Child Psychiatry & Human Development

, Volume 49, Issue 3, pp 434–442 | Cite as

Multimodal Residential Treatment for Adolescent Anxiety: Outcome and Associations with Pre-treatment Variables

  • Sophie C. Schneider
  • Valérie La Buissonnière-Ariza
  • Davíð R. M. A. Højgaard
  • Brian S. Kay
  • Bradley C. Riemann
  • Stephanie C. Eken
  • Peter Lake
  • Joshua M. Nadeau
  • Eric A. Storch
Original Article

Abstract

This study aimed to determine the effect of a multimodal residential treatment program for severe adolescent anxiety, and examine whether treatment outcome was associated with pre-treatment anxiety, comorbid disorders, or participant age or gender. Participants were 70 adolescents (61.4% female, mean age = 15.4 years) with a primary anxiety disorder who received residential treatment involving cognitive behavioral therapy and medication management. Treatment outcome was assessed both as the change in adolescent-reported anxiety symptoms, and using treatment response criteria. Results indicated a strong effect of the intervention on symptoms of anxiety, depression, and anxiety-related life interference. Most pre-treatment variables were not associated with treatment outcome. However, higher adolescent-reported pre-treatment anxiety was associated with a greater reduction in anxiety at post-treatment, and the presence of a comorbid anxiety disorder was associated with poorer odds of treatment response. Findings indicate that residential treatment is a robust intervention for adolescent anxiety.

Keywords

Anxiety Adolescent Residential treatment Cognitive-behavioral therapy Predictor 

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Copyright information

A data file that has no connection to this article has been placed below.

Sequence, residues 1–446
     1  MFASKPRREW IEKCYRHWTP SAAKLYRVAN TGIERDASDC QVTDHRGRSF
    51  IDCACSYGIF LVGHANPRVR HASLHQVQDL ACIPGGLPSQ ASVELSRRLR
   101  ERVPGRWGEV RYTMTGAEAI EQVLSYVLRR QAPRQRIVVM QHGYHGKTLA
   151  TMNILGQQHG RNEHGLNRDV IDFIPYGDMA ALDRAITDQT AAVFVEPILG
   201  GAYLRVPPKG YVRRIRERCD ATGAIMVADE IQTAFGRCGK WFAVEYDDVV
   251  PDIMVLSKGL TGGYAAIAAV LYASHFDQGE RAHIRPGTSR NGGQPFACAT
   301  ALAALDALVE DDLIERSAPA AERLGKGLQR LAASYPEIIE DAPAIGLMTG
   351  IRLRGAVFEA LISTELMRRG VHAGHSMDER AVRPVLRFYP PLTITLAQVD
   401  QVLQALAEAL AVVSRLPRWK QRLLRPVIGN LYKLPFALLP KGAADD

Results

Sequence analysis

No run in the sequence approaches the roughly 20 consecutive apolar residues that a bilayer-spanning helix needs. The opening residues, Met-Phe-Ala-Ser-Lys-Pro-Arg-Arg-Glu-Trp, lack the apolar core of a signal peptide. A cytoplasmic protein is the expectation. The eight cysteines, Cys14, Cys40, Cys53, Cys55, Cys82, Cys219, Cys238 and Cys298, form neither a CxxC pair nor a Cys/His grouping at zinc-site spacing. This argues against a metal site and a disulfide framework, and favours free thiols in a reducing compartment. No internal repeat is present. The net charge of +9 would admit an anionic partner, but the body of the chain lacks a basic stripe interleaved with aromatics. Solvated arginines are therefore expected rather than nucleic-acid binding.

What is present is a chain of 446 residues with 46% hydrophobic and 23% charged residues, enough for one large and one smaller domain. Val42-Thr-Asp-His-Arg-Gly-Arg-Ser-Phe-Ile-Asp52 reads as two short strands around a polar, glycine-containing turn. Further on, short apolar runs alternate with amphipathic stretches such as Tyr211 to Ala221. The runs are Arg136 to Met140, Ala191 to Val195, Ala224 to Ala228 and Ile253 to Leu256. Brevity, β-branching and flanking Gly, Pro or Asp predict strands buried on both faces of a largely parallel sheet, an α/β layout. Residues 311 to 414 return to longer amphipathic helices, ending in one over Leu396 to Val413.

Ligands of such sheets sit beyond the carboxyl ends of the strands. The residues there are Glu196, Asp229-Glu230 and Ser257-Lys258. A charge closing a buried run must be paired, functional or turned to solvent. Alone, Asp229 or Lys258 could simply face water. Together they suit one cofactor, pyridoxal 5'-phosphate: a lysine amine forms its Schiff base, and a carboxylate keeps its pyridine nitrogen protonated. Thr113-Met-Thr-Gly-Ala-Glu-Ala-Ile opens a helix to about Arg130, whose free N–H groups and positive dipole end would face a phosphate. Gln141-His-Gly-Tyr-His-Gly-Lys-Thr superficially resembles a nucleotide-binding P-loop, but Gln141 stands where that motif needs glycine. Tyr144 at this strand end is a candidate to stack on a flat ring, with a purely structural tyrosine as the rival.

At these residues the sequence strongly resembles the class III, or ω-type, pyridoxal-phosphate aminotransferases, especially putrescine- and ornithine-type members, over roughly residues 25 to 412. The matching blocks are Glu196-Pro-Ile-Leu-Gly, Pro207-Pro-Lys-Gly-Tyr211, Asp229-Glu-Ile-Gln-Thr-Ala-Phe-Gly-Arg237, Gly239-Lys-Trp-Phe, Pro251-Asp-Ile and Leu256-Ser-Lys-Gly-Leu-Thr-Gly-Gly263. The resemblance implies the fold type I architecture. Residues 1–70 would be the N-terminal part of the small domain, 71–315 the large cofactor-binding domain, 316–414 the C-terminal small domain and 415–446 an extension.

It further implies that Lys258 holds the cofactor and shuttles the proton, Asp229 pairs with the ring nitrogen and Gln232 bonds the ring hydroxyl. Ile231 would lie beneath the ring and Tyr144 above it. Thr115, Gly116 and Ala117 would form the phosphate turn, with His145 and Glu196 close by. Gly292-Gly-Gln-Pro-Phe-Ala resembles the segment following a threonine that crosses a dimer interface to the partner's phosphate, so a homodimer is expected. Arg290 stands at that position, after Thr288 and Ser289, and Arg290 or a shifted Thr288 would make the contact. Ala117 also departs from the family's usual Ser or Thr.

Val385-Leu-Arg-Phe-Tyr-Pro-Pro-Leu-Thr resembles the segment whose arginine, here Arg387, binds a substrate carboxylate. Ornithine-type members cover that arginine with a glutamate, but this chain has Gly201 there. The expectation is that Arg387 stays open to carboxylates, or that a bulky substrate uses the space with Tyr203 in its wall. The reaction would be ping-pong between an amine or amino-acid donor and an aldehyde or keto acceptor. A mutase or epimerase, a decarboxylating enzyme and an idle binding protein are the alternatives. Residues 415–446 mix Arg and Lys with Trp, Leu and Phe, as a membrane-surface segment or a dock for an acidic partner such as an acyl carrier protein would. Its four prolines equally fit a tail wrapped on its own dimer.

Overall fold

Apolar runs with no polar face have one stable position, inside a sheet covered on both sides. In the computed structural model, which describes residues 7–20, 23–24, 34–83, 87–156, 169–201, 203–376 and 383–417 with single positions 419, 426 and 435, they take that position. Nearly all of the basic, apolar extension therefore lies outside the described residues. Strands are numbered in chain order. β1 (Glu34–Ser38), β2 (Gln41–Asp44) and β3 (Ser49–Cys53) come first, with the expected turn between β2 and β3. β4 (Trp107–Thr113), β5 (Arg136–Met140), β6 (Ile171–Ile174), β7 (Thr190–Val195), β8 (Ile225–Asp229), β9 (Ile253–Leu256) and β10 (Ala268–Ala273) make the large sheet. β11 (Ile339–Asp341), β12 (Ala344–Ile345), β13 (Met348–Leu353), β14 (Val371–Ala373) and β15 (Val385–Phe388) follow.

© Springer Science+Business Media, LLC 2017

Authors and Affiliations

  • Sophie C. Schneider
    • 1
    • 10
  • Valérie La Buissonnière-Ariza
    • 1
  • Davíð R. M. A. Højgaard
    • 2
  • Brian S. Kay
    • 3
  • Bradley C. Riemann
    • 3
  • Stephanie C. Eken
    • 4
  • Peter Lake
    • 3
  • Joshua M. Nadeau
    • 5
  • Eric A. Storch
    • 1
    • 5
    • 6
    • 7
    • 8
    • 9
  1. 1.Department of Pediatrics, Rothman Center for Pediatric NeuropsychiatryUniversity of South FloridaSt. PetersburgUSA
  2. 2.Center for Child and Adolescent PsychiatryAarhus University HospitalAarhusDenmark
  3. 3.Rogers Memorial HospitalOconomowocUSA
  4. 4.Rogers Behavioral Health – NashvilleNashvilleUSA
  5. 5.Rogers Behavioral Health – TampaTampaUSA
  6. 6.Department of PsychologyUniversity of South FloridaTampaUSA
  7. 7.Department of Psychiatry and Behavioral NeurosciencesUniversity of South FloridaTampaUSA
  8. 8.Department of Health Management and PolicyUniversity of South FloridaTampaUSA
  9. 9.Johns Hopkins All Children’s HospitalSt. PetersburgUSA
  10. 10.Rothman Center for NeuropsychiatrySt. PetersburgUSA

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